Me Goodbye” and is clearly one of my favorite cuts on the CD wit some stellar BGs by George Merrill and pedal steel by Greg Leisz.

Old Man Dreamin' cover

6)Any anecdotes about live performances of this song?

John Batdorf: Other than struggling in the beginning to learn all of the lyrics, all the songs but one translate beautifully live. I built the CD around acoustic guitar and voice and always made sure they led the train. “Sixteen” is one of those studio songs that I never planned or meant to do live for many reasons. The song was inspired by a
TV special about Fundamentalists that somehow have gotten themselves in a position to have multiple wives at his choosing. Many of the woman are young girls in their early teens and have no choice in the matter. If he wants them, he gets them using religion to hide behind. I got so upset by the segment I got up and wrote the chorus,”Sixteen’s all I wanna be, not a wife not a mother to be, How can he take me in the name of the lord. Says he knows what’s best for me, but all I see is misery, Dirty Secrets, Dirty Lies”. The chorus was written from the young
girls’ perspective and the verses had to set that up and they do just that. I won’t play it live because of the subject matter and it was all built on me tuning my guitar to an open chord and pounding and muting the strings to create a dark musical bed.

Old Man Dreamin' cover

7)Was there anything out of the ordinary while recording a video of one or more songs from this album? And if not, how did the director of the video work with the original storyline? To your satisfaction?

John Batdorf: I had never shot a music video before. Most guys that are 57 years old don’t get that many calls for that! My co-songwriter, Michael McLean produced and directed commercials and films for years in the 80s and 90s and suggested we try and get some videos made for the CD. we got a really sweet deal and set out to shoot some music videos. The setting was in the mountains of Malibu and I loved doing the song, “Will I Love You Forever”. It’s the only song I recorded and wrote on the piano. We dragged a piano out on a deck which overlooked the beautiful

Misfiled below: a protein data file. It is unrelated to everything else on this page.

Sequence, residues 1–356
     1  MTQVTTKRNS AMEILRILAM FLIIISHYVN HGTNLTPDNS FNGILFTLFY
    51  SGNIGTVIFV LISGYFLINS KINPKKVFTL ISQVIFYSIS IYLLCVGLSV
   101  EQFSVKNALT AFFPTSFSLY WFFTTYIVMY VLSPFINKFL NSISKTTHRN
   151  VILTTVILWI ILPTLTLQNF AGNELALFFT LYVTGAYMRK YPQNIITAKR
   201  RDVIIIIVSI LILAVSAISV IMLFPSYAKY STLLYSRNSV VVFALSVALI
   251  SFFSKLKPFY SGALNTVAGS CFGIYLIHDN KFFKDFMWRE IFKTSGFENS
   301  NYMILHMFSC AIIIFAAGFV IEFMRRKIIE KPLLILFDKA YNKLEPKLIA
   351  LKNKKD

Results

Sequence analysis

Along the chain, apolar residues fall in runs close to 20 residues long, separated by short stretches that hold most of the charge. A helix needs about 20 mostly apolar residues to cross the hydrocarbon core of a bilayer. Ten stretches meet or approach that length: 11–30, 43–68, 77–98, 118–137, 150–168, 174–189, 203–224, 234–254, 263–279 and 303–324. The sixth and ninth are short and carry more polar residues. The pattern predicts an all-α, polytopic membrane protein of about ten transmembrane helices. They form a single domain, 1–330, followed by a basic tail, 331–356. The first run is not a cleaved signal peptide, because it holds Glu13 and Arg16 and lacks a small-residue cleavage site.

mountains with the sun hitting them as it was setting. The song is a melancholy look at a couple who are committed to each other for life but struggle at times to find the strength to continue on thus the chorus, “Will I Love You Forever? It’s a promise I made and will not be betrayed, though I’ll love you forever, It’s so hard today”. The videos were shot in Hi-Def by Miguel Siqueiros. The first line of the song is, ”We were the story and audience loves, Violins played when we kissed, we fit the casting of love everlasting so how has it come down to this”. The opening of the video looks like a count in to a movie with a projector sound and the video looks like an old movie. It was great fun! You can check it out on the link below.


Old Man Dreamin' cover

8)Was this song effectively captured in the studio or would you change something in the future or on stage?

John Batdorf: